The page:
England and Wales abound with saints who have never figured very highly—or even at all—in the estimation of Rome. British saints rarely seem to reach the hallowed list, unless they were of the calibre of Becket. But in their local area these saints were much revered and of considerable importance. One of them is… Continue reading The mystery of William of Norwich….
Channel Five’s reputation for history programmes has risen greatly over the past few years. At the heart of this, first in a Great Fire of London series with Suzannah Lipscomb and the ubiquitous Dan Jones, has been the “engineering historian” Rob Bell, who has toured bridges, ships, buildings and lost railways in his own amiable,… Continue reading Britain’s Lost Battlefields (with Rob Bell)
Over the years there has been lots of fiction written about Edward IV, Elizabeth Woodville and of course Richard III. However, there is one one figure in their story who often gets a mention, but is rarely portrayed as a living person, with the events long after her death in 1468 taking the forefront instead. … Continue reading Secret Marriages – Edward IV & his Two Wives, the Novel
Whilst visiting Norwich to see the Whitefriars plaque to Lady Eleanor Talbot, Richard’s sister-in-law, in Tomblands near the Cathedral, I happened to take lunch in a particular hostelry, the Glass House. It is principally named for the city’s stained glass industry and various panels, also commemorate the author Harriet Martineau, the rebel Robert Kett, Cotman… Continue reading Discovered in Norwich
UPDATED POST ON sparkypus.com A Medieval Potpourri https://sparkypus.com/2020/05/14/the-carmelite-friary-of-norwich-known-as-whitefriars-burial-place-of-eleanor-talbot/ COWGATE NORWICH, DAVID HODGSON c.1860. WHITEFRIARS STOOD ON THE EASTERN SIDE BETWEEN THE CHURCH OF ST JAMES POCKTHORPE (SEEN ABOVE) AND THE RIVER A SHORT DISTANCE AWAY..NORWICH MUSEUM On this day, 30 June, died Eleanor Butler nee Talbot. Eleanor came from an illustrious family. Her father was… Continue reading THE CARMELITE FRIARY OF NORWICH KNOWN AS WHITEFRIARS – BURIAL PLACE OF ELEANOR TALBOT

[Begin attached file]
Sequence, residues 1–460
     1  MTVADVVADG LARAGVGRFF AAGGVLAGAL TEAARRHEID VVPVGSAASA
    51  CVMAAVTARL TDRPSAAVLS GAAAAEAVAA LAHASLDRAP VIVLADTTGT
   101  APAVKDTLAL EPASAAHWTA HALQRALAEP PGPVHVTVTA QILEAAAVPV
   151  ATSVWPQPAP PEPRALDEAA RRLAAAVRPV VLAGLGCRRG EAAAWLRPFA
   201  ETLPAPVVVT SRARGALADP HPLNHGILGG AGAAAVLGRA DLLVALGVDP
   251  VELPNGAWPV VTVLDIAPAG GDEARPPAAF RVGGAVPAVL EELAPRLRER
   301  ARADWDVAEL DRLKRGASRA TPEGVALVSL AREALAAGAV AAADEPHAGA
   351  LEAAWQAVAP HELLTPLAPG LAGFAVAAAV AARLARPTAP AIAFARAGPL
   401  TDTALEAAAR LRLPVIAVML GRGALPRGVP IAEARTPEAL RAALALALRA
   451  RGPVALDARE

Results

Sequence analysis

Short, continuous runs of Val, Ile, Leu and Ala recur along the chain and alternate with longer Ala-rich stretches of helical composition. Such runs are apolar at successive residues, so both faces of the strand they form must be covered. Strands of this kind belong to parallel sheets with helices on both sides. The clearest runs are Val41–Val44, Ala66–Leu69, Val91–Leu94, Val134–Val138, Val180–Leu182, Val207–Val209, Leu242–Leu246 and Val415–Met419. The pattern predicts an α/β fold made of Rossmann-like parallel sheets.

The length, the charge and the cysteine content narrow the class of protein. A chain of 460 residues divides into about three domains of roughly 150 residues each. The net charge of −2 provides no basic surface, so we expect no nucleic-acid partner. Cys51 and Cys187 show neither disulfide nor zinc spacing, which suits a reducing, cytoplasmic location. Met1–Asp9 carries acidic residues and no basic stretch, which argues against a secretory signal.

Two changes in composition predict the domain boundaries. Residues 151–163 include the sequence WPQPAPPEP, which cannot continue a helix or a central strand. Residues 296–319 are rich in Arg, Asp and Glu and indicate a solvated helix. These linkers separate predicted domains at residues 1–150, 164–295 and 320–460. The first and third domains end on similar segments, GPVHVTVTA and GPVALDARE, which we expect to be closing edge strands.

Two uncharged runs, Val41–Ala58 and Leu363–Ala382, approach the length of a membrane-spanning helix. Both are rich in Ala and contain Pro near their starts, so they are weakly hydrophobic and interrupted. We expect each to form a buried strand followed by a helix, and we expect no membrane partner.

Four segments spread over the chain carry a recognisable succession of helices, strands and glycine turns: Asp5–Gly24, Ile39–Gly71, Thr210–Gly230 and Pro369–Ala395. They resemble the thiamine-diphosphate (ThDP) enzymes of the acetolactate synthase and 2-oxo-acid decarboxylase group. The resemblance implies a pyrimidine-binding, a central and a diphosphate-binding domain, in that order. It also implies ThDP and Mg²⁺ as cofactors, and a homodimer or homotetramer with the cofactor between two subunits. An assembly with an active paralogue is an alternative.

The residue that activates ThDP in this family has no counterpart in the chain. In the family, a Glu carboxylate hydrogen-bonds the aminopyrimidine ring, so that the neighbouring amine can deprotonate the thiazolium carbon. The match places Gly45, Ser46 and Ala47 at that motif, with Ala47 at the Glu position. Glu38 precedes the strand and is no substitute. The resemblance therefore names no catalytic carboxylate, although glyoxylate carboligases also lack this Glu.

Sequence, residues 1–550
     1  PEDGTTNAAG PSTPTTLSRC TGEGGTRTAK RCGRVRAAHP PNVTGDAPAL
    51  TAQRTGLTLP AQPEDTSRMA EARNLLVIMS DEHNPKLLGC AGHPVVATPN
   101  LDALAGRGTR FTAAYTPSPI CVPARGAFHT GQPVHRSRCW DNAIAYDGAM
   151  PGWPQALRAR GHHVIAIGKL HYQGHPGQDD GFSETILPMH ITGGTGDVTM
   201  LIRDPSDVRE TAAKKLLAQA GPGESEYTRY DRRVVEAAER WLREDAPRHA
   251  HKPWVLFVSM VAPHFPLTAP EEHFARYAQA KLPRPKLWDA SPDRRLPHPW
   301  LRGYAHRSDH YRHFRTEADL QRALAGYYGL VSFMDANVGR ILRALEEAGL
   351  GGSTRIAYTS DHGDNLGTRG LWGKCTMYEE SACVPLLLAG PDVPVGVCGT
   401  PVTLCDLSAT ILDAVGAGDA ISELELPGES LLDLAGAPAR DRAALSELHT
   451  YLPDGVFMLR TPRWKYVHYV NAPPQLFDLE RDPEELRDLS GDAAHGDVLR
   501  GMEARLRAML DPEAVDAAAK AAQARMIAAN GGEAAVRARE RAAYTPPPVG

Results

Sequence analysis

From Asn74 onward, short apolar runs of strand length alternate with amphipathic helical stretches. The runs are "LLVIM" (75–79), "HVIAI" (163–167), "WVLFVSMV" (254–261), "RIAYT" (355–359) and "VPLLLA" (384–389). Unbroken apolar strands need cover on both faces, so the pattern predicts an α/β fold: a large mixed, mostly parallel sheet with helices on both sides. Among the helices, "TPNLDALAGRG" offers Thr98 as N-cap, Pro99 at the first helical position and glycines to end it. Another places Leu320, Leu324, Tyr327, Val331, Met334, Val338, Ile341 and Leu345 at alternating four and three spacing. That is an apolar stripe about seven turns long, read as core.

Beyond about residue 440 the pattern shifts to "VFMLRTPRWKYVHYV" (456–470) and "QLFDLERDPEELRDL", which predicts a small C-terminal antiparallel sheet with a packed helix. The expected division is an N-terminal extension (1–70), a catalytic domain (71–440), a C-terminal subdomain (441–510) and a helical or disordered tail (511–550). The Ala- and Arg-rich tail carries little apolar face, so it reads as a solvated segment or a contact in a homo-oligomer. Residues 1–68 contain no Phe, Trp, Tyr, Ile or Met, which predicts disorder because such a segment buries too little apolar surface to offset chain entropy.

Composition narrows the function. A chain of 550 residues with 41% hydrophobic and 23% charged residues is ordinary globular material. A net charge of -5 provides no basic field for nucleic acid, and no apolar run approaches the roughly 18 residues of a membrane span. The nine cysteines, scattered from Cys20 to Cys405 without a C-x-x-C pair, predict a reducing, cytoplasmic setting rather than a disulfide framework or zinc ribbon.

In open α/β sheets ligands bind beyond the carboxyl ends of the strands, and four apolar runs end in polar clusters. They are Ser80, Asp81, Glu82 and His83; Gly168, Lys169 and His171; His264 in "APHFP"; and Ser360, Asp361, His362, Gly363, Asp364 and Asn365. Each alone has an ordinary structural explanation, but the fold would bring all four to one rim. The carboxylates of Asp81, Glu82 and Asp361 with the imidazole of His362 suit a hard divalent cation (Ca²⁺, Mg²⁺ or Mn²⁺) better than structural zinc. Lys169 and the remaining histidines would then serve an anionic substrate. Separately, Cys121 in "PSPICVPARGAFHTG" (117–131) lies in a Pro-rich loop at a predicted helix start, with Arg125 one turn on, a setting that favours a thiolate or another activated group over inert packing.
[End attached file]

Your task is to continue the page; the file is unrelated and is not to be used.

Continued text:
This excellent Channel Four series reached part four on 28th April as Dr. Alice Roberts came to Norwich, showing streets, civic buildings and even a pub that I have previously visited, describing it as Britain’s most “Tudor” town. She began by describing Henry VII as “violently seizing” the English throne (or at least watching whilst… Continue reading Britain’s most historic towns
Two weeks after visiting Wingfield , I attended a “Wuffing Education” Study Day at Sutton Hoo, addressed by Rosemary Horrox on the de la Pole family. This juxtaposition of dates was entirely beneficial as their genealogy and history was fresh in my mind so it was easy to follow Horrox’s train of thought. She covered the… Continue reading Horrox on the de la Poles
So there was I, just casually scanning the Mail on Sunday’s “You” magazine (22 October,p.23, interview with Nicky Haslam), when a familiar name popped up, a close friend of Haslam’s multiple-great-aunt. Unlike her near namesake: 1) She was a Butler by birth, not by (her first) marriage. 2) She didn’t go on to marry a… Continue reading A familiar name
Peter Cole was a tanner from Ipswich, although his year of birth is generally unknown. He found himself tried in Norwich for heresy and executed there, presumably in the Castle moat (below), which must have been something of a shock as it was 1587 and the heresy laws had been repealed again almost thirty years… Continue reading A most unpleasant surprise
The general consensus is that there never was an Edward de/of Wigmore. Indeed, many say that his supposed parents were never an item at all, let alone married. The parents are, of course, Edward IV and Lady Eleanor Talbot. Their marriage is the mysterious pre-contract, the revelation of which in 1483 catapulted Richard III… Continue reading Edward de Wigmore existed, and left descendants….